Content: Anne Marbury Hutchinson was born in Alford, Lincolnshire, England, in 1591. The daughter of an English clergyman, a troublemaker in his own right, who frequently clashed with Anglican leaders, Anne grew up to be an educated, independent thinker and trained midwife. She married an English merchant, William Hutchinson in 1612 and in 1634 they and their eleven children immigrated to the Massachusetts to escape what they considered to be religious persecution.



Civil War Women Spies IV

Lead: By June 1862 Civil War Memphis, Tennessee was occupied by the Union. Young Belle Edmondson began her life as a smuggler and Confederate spy.

Intro.: A Moment in Time with Dan Roberts.

Content: Belle Edmondson was born in Pontotoc, Mississippi, in 1840, the youngest of eight children. At the onset of the Civil War in 1861, the Edmondsons were living on a farm just southeast of Memphis near the Mississippi border. Although there were some strongholds of Union sentiment particularly in eastern Tennessee, the state had joined the Confederacy. The Edmondsons were staunch supporters of the southern cause. Two of Belle’s brothers fought at Shiloh and Belle helped nurse the wounded from the battle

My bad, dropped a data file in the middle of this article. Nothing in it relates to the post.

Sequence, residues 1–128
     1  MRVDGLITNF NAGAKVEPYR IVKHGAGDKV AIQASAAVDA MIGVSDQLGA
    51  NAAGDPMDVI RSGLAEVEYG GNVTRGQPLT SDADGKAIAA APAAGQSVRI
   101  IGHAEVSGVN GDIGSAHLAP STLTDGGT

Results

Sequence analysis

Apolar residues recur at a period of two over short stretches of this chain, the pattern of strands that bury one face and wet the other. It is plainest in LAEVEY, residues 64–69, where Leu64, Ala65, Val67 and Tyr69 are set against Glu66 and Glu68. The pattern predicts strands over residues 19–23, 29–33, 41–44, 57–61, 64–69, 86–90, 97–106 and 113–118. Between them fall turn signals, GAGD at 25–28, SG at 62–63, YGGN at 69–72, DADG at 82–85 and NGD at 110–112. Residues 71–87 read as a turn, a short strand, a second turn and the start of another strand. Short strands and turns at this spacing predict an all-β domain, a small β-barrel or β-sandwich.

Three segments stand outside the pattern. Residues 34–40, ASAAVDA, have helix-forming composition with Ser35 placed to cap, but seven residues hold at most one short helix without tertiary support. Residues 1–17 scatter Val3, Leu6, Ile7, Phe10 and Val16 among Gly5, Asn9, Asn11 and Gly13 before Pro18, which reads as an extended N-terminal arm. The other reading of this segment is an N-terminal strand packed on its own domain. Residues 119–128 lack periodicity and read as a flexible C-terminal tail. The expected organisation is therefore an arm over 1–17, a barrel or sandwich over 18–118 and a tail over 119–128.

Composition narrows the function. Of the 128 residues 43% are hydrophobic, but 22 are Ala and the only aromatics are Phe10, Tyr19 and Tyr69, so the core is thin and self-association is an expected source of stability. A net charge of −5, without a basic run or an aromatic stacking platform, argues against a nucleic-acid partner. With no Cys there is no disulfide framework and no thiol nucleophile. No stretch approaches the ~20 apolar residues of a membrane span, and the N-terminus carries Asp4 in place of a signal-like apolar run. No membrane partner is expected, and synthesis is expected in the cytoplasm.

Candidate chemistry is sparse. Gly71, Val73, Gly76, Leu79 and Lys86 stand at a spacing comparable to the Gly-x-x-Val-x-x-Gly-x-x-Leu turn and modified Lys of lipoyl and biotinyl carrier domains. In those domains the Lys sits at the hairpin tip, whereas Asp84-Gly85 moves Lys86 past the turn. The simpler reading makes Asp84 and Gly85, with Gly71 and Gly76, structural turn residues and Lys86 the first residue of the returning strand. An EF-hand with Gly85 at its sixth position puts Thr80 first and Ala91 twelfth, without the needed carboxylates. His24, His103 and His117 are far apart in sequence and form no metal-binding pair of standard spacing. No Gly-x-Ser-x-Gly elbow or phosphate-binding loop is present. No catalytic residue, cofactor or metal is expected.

Civil War Women Spies V

Lead: During the American Civil War, socialite Elizabeth Van Lew ran a Union spy ring in the capital of the Confederacy, Richmond, Virginia.

Intro.: A Moment in Time with Dan Roberts.

Content: Elizabeth Van Lew was a southern girl, born in Richmond, in 1818, the daughter of a wealthy family with connections and kin in the north. Van Lew was educated in Philadelphia and returned home a vigorous and keen abolitionist. During the 1850s she convinced her family to free their slaves and at the outbreak of hostilities remained loyal loyal to the Union. She committed herself to do whatever she could to support the Federal cause.



Civil War Women Spies III

Lead: Civil War Union spy Sarah Emma Edmonds spent a good part of her life disguised as a man. In the Army she often disguised her disguise.

Intro.: A Moment in Time with Dan Roberts.